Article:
Thessaloniki Report Launch: Profiling of Refugees, Asylum Seekers and Third Country Nationals - JIPS - Joint IDP Profiling Service

Thessaloniki Report Launch: Profiling of Refugees, Asylum Seekers and Third Country Nationals

By Emma Ward (JIPS)

We are excited to share the news of the profiling report from Thessaloniki, Greece, which was launched by partners in-country in December 2019. The result of a collaborative effort between the Municipality of Thessaloniki, UNHCR, various UN agencies and international NGOs, as well as Greek NGOs and volunteer groups, this report provides a shared and sound evidence base to better understand the situation and future intentions of refugees, asylum seekers and third country nationals not registered with the Asylum Service.

The event was kicked off with opening remarks and keynote speeches from Mr. Charis Aidonopoulous, the Deputy Mayor of Thessaloniki, and Mr. Luca Curci, Head of UNHCR’s sub-office, and followed by a discussion with all profiling partners. Moderated by Ms. Melina Spyridou, Head of the Department of Social Protection and Public Health of the Municipality of Thessaloniki, the session offered an opportunity to discuss key results and recommendations from the profiling report as well as hear about some of the current integration initiatives of different actors, such as IOM’s Helios programme.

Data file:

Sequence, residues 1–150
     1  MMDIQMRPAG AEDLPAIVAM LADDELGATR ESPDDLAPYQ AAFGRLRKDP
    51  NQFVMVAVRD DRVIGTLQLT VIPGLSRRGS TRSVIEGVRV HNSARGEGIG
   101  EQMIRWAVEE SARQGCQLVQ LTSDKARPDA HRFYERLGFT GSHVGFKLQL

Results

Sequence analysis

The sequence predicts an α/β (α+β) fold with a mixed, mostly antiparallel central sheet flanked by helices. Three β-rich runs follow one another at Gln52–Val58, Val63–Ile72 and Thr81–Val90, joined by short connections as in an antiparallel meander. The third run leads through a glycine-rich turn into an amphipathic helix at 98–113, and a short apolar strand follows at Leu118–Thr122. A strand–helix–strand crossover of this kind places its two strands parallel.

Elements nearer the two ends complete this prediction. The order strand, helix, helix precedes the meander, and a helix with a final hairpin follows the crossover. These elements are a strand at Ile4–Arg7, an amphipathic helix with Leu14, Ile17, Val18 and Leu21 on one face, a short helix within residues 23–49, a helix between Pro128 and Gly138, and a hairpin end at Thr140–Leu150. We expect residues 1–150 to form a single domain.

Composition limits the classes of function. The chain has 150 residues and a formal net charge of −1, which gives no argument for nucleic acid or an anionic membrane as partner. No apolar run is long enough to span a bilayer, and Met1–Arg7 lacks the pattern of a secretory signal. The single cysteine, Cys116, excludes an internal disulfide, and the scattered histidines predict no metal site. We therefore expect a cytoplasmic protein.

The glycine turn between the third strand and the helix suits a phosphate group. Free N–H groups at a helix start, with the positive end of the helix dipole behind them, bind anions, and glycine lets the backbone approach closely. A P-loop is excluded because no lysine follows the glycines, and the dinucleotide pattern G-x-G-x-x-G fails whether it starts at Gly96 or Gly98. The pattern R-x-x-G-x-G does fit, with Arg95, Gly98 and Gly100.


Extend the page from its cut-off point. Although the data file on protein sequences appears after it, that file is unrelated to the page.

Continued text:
The profiling process and durable solutions analysis approach